Characters Discussed (Cyclopedia of Literary Characters, Revised Third Edition)
Edward Waverley, a young British officer who holds his commission in the army of George II of England during the bloody days in 1745 when Charles Edward, the Pretender, is trying to gain the British throne. Through a set of circumstances, he learns of the young Pretender’s cause at first hand; he is Charles’s guest, lives for a time with some of his supporters, and swears allegiance to him. Although charged with treason and stripped of his commission, he finally regains favor with the king, inherits his father’s fortune, and marries the woman of his choice.
Fergus Mac Ivor Vich Ian Vohr
Fergus Mac Ivor Vich Ian Vohr, a famous clan chieftain who supports Prince Charles’s bid for the throne. He is bluff and hearty, as well as formal and courtly, a good politician. When the rebellion fails, he is executed for his crimes against the crown, and the power of the Highland clans is broken.
Prince Charles Edward Stuart
Prince Charles Edward Stuart, the Pretender, who, having arrived in Scotland from his exile in France, rallies Highlanders to his cause. He reflects his French court training in the polished, civil manner he shows all those about him. He is ruined when his forces are scattered at the Battle of Culloden.
Sir Cosmo Comyne Bradwardine
Sir Cosmo Comyne Bradwardine, a Scottish nobleman and a Jacobite who introduces Edward to the...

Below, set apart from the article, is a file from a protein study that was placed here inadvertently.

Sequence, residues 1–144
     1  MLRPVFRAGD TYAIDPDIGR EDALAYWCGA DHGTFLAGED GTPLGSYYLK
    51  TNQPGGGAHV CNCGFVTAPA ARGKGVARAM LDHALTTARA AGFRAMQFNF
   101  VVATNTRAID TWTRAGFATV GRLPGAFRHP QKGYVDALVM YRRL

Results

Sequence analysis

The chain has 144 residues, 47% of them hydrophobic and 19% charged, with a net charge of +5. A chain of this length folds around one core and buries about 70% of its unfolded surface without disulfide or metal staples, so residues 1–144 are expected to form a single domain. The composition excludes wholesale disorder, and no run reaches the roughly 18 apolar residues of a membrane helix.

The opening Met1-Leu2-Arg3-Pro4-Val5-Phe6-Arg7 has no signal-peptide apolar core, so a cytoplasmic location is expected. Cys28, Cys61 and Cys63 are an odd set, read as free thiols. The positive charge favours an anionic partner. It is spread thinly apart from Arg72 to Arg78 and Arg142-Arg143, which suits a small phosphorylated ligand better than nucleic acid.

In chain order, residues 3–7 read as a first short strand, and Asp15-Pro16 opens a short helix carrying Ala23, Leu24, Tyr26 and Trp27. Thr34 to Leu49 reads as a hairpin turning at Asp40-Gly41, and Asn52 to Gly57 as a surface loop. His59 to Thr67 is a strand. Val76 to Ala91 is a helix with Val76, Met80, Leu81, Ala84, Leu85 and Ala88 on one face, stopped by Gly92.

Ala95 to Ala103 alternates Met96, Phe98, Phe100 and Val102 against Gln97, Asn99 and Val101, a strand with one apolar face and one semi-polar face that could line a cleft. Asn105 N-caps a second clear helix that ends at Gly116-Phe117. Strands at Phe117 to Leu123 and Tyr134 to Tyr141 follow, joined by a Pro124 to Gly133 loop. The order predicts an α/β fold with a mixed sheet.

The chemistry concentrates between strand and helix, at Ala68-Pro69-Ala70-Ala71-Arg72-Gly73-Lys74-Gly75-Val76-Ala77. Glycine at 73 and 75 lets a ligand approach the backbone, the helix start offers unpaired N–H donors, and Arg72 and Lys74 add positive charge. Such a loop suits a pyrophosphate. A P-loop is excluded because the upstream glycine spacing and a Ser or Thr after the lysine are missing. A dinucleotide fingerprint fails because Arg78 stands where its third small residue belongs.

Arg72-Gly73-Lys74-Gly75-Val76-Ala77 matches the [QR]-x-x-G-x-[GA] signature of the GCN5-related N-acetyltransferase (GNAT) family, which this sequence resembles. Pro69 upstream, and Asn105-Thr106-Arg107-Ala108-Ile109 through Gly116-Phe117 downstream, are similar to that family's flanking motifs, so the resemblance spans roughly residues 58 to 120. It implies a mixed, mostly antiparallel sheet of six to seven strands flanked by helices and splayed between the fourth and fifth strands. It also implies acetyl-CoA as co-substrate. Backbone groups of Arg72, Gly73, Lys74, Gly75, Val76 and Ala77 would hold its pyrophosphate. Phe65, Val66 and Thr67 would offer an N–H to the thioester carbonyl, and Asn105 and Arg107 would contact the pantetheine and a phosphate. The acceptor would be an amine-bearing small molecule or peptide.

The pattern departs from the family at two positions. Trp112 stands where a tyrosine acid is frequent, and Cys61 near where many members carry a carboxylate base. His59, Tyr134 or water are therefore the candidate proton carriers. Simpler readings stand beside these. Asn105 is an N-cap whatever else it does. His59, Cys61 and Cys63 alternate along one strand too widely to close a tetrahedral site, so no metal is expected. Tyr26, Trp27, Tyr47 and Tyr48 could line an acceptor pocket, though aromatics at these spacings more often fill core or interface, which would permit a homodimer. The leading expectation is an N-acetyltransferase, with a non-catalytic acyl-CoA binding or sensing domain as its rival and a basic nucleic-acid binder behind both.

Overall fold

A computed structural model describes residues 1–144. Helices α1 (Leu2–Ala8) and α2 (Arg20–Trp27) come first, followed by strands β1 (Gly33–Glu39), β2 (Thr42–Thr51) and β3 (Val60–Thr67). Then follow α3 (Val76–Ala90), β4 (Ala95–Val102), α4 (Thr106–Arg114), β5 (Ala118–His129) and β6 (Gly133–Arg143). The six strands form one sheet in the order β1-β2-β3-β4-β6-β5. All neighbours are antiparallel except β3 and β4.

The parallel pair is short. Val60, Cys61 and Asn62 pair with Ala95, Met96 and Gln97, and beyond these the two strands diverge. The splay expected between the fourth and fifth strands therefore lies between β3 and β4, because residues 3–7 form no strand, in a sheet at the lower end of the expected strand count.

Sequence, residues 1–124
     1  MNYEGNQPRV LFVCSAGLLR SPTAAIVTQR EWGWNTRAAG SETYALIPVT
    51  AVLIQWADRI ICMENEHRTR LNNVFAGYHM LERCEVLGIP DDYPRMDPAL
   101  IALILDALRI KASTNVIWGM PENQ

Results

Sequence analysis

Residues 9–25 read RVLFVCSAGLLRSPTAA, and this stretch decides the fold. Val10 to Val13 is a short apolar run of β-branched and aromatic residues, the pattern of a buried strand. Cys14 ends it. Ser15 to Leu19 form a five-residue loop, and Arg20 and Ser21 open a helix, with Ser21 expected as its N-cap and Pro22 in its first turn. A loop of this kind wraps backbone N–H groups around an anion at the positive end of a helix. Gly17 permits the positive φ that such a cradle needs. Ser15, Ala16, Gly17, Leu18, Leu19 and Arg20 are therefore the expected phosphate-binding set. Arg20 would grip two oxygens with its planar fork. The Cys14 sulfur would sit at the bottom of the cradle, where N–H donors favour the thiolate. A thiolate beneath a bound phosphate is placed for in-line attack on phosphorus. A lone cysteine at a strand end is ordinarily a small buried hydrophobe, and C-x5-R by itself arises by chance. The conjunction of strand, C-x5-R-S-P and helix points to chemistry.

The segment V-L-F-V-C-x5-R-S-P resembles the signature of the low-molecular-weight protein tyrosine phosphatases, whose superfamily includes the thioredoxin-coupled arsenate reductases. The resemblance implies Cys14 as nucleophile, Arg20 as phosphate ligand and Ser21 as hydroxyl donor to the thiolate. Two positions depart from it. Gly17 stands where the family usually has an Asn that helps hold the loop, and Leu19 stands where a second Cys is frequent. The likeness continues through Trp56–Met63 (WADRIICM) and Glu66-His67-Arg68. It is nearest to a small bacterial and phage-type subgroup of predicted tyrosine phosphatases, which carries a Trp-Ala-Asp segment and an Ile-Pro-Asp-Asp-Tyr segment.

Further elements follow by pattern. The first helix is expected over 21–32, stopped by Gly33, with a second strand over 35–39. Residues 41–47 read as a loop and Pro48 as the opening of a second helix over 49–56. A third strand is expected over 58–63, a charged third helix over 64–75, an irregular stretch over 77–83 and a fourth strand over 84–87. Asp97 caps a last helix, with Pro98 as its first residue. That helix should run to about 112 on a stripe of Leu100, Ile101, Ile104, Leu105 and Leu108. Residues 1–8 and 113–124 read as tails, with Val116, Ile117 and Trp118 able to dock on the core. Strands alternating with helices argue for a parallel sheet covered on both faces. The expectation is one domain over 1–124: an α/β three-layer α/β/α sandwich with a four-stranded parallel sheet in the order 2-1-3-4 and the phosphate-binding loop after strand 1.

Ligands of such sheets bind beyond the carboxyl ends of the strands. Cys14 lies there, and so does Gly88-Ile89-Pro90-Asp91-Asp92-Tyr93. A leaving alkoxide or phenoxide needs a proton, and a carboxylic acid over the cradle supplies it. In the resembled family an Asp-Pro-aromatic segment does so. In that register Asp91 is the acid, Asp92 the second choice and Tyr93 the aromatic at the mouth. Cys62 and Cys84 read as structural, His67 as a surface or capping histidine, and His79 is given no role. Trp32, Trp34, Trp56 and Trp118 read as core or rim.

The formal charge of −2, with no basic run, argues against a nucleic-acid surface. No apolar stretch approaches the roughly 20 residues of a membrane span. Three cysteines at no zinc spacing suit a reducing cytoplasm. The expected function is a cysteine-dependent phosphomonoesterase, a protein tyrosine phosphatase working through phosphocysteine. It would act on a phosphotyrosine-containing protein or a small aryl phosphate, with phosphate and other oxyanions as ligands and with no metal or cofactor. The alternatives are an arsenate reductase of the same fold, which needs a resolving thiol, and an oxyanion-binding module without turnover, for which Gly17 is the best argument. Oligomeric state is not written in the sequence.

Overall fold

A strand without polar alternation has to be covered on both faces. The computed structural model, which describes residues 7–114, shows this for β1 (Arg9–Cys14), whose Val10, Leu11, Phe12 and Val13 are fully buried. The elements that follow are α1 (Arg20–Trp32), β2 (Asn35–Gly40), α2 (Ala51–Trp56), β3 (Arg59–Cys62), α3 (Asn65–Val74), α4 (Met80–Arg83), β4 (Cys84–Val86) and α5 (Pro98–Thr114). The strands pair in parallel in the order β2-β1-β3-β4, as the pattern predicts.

(The entire section is 513 words.)
Want to Read More?
Subscribe now to read the rest of Waverley Characters. Plus get complete access to 30,000+ study guides!
Bibliography (Cyclopedia of Literary Characters, Revised Third Edition)
Daiches, David. “Scott’s Achievement as a Novelist.” In Literary Essays. Edinburgh, Scotland: Oliver & Boyd, 1956. Argues that Scott’s achievements as a novelist, overlooked in the twentieth century, make Waverley and his other novels worth reading.
Davie, Donald. The Heyday of Sir Walter Scott. London: Routledge & Kegan Paul, 1961. Considers some of the factors contributing to the enormous popularity of Scott’s novels in the nineteenth century.
Hillhouse, James Theodore. The Waverley Novels and Their Critics. New York: Octagon Books, 1968. Contains critical reviews of Scott’s novels.
Pearson, Hesketh. Walter Scott: His Life and Personality. New York: Harper, 1954. Presents the novels of Scott as a reflection of himself, his family, and his culture.
Scott, Sir Walter. Waverley: Or, ’Tis Sixty Years Since. Edited by Claire Lamont. New York: Oxford University Press, 1986. Contains an excellent introduction to the historical and narrative background of Waverley, as well as Scott’s notes and prefaces to the novel.
Welsh, Alexander. The Hero of the Waverley Novels. New Haven, Conn.: Yale University Press, 1963. An interpretation of Scott’s hero, whose behavior is determined by class and who is acted upon by outside forces.